Building Blocks
ComplianceAugust 12, 2020

Back to basics: The building blocks of effective regulatory examination management

Compliance officers are holding the proverbial ball when it comes to managing regulatory compliance examinations. Those who have experienced consistent, positive outcomes typically attribute their success to the fact they have a plan that they stick to, year after year, to help ensure there are no surprises and to portray their organization in the best possible light.

Before your financial institution begins prepping for a federal, state or SRO regulatory compliance examination, consider these commonsense but oft-forgotten ABC’s that many successful regulatory compliance examinations have in common.

Whether you have automated your examination process or not, these principles will help reduce some of the stress associated with regulatory compliance examinations at your institution. If you are a seasoned compliance professional, it is likely that all or most of these steps will be familiar—but this is a great primer to share with newer compliance professionals whom you are mentoring. If you are new to regulatory compliance in the financial services industry, welcome aboard and please take note.

While some of these ABC’s may seem almost too basic, it has been my experience that when strict protocols are not required, especially in the heat of an examination, corners can get cut: suddenly, one’s records of production are incomplete, or other problems arise that can come back to haunt your institution.

A is for advance work

Always ensure you are prepared to discuss with your regulator what is new or changed at your institution since your last examination by keeping regulators’ expectations in mind when:

  1. Conducting regulatory change management;
  2. Assigning compliance training;
  3. Incorporating regulatory compliance requirements into business processes;
  4. Monitoring operations for adherence to compliance requirements;
  5. Considering material new or changed products, customers, locations and services;
  6. Taking internal corrective action; and
  7. Updating Compliance Program materials[1].

B is for before the exam

Before your institution’s next regulatory exam, be prepared to respond knowledgeably to questions related to items noted during the previous examination cycle, even those identified by other regulators. This is especially important if you are new to the institution. You never want to hear an examiner say, “How could you not know we were going to ask you about that?” But what can you do to avoid this dynamic? Here are a few best practices:

  1. Review the last few examination records and make sure your institution is not repeating a finding—even a small one.Be particularly wary of items resolved during a previous exam that may have fallen off everyone’s radar. No item that made its way into an examiner’s report is too small to pay attention to and ensure the item was addressed—especially if it could have a negative impact on customers. Do not rely on every item making its way to a spreadsheet maintained by the institution—review the actual examiner’s report.
  2. Read and acknowledge your regulators’ Examination Priorities or similar release every year by understanding each item as it applies to your institution and if you have not done so already, conduct testing or monitoring in those areas.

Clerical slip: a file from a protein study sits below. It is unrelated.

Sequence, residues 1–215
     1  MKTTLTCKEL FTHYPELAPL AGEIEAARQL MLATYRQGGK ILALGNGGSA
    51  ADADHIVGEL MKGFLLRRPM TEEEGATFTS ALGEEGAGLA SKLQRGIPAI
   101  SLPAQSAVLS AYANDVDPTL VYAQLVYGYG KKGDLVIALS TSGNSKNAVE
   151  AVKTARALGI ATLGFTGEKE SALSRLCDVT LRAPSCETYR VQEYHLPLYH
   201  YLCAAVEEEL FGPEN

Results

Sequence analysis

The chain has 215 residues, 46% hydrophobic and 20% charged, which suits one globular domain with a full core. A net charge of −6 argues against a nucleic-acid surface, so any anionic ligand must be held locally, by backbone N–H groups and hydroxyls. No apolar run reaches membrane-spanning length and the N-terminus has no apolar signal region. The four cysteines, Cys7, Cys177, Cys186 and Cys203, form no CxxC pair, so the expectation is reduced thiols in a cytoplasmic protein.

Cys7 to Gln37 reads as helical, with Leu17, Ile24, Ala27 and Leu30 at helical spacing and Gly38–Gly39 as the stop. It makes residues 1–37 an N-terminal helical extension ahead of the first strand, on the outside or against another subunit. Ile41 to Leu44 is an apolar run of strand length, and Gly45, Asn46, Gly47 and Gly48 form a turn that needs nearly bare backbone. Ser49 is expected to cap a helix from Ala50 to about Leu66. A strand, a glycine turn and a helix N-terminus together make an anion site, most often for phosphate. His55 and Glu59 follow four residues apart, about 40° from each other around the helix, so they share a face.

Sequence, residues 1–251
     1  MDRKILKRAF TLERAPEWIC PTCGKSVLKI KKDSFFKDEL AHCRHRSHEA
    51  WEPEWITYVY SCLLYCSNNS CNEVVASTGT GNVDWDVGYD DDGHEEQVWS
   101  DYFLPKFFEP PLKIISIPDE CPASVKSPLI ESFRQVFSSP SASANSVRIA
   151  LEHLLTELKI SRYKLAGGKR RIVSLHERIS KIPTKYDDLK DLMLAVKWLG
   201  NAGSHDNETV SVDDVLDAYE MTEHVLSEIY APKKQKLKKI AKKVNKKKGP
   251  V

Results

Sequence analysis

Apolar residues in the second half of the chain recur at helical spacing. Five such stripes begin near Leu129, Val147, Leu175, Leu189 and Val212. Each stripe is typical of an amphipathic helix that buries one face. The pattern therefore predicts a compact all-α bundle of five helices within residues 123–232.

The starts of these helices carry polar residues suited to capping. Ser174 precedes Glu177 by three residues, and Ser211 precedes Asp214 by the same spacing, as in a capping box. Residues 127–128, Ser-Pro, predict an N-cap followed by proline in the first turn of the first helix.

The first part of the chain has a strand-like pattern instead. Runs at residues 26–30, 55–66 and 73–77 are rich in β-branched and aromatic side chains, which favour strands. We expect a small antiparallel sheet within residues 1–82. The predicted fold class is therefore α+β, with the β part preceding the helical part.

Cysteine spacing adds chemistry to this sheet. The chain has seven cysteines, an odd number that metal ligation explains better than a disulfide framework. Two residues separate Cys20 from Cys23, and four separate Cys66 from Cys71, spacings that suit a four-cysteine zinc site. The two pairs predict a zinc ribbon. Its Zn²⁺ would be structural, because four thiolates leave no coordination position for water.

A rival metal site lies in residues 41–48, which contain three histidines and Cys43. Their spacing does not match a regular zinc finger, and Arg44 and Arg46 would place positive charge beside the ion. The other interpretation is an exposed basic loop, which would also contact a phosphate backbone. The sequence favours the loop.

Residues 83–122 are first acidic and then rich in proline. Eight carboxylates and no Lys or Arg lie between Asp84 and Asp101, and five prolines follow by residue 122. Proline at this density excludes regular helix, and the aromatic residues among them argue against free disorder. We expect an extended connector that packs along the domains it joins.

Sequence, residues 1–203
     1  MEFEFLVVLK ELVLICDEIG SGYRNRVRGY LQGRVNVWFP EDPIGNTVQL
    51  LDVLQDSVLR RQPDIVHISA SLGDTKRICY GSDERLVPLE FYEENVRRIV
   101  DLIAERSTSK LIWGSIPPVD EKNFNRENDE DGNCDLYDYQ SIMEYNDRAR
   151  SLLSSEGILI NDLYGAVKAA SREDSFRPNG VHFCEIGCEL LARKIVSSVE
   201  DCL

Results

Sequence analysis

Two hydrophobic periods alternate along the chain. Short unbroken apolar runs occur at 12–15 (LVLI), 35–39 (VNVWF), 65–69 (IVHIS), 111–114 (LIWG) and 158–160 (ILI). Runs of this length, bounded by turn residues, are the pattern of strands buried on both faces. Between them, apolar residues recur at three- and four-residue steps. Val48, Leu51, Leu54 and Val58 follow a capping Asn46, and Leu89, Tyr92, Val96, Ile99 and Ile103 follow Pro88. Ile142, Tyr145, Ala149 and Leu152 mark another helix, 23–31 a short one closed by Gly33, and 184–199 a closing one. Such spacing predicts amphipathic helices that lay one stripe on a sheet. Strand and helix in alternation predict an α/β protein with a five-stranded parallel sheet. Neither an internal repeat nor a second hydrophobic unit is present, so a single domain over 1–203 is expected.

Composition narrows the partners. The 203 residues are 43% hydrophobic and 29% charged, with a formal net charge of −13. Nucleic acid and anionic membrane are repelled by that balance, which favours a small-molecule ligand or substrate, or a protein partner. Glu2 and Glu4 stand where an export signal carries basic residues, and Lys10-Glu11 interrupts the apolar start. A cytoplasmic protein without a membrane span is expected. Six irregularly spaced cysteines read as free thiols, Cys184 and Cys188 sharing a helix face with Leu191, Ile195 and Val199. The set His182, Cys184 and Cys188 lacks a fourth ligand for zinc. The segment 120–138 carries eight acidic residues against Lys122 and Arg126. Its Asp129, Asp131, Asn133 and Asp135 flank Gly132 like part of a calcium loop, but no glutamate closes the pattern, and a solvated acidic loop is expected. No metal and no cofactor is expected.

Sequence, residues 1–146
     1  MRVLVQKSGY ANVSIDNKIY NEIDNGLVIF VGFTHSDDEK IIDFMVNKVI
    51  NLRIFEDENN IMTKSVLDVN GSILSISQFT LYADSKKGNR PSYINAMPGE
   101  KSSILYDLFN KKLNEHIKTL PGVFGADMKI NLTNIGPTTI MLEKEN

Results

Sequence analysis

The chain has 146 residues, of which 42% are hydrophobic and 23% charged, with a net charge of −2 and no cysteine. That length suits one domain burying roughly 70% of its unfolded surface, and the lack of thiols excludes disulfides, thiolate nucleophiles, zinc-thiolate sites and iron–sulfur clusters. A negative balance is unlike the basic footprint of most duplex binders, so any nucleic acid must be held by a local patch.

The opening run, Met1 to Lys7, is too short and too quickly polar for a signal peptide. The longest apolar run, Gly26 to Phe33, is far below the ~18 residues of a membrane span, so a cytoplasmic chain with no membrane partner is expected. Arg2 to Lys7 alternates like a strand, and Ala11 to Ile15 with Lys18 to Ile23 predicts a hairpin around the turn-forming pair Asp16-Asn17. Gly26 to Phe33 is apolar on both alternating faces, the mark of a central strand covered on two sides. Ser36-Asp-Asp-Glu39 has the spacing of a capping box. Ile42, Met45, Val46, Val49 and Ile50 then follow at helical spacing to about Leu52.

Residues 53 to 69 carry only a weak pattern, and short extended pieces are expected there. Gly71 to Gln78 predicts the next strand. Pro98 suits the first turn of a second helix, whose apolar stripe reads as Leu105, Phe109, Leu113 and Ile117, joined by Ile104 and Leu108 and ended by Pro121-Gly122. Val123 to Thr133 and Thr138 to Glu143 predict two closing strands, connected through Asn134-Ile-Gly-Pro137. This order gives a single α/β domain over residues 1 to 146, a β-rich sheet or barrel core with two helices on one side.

3. Educate supervisory and senior leadership about current regulatory compliance issues facing the industry. Include recent actions by your institution’s regulator(s) such as new or changed laws, rules, regulations, and guidance—and where relevant to your institution, enforcement and disciplinary actions.
  4. Be prepared to demonstrate adjustments to policies, procedures, risks, and controls made to account for new or changed laws, rules, or regulations.

C is for centralizing the process

Consider centralizing the documentation and examination process to safeguard against having an incomplete record or other issues. Best practices include assigning a reliable resource (Exam Manager) to own the examination record. This will make the examiner’s life easier and ensure the institution responds timely to inquiries. Consider having all exam matters and documentation flow through this resource.

D is for documentation best practices

Scrutinize the initial and any subsequent production requests, including instructions provided as to type of document(s) accepted, submission process, or other elements of the exam process particular to that regulator. If you are not certain or have questions, contact the examiner. Best practices related to documentation include:

  1. Deliver only what the regulator requests. Avoid producing any artifact without a thorough review by senior compliance personnel.
  2. Clearly mark each item to its corresponding naming convention used by the regulator. The institution’s record does not have to mirror the regulator’s taxonomy, but it must include it to  avoid confusion. Best to mirror if possible.
  3. Documents and reporting produced should look the same year over year; otherwise, explain the reasons for any substantive changes (e.g., new system).

E is for examiners are people too

Let your examiner know through your words and actions that you understand and apply their guidance. Use the “magic words” your examiner uses—avoid using internal jargon to explain how your institution functions.

Take advantage of all the exam prep materials and guidance your regulator provides. 

Seek out your examiner’s opinion on thorny compliance questions (after vetting with your Law Department). They are unlikely to give you hard and fast answers, but the examiner may help you frame how your institution should handle an issue or respond to an inquiry from the business.

Ensure your examiner understands who the Exam Manager is and how they will interact during the exam.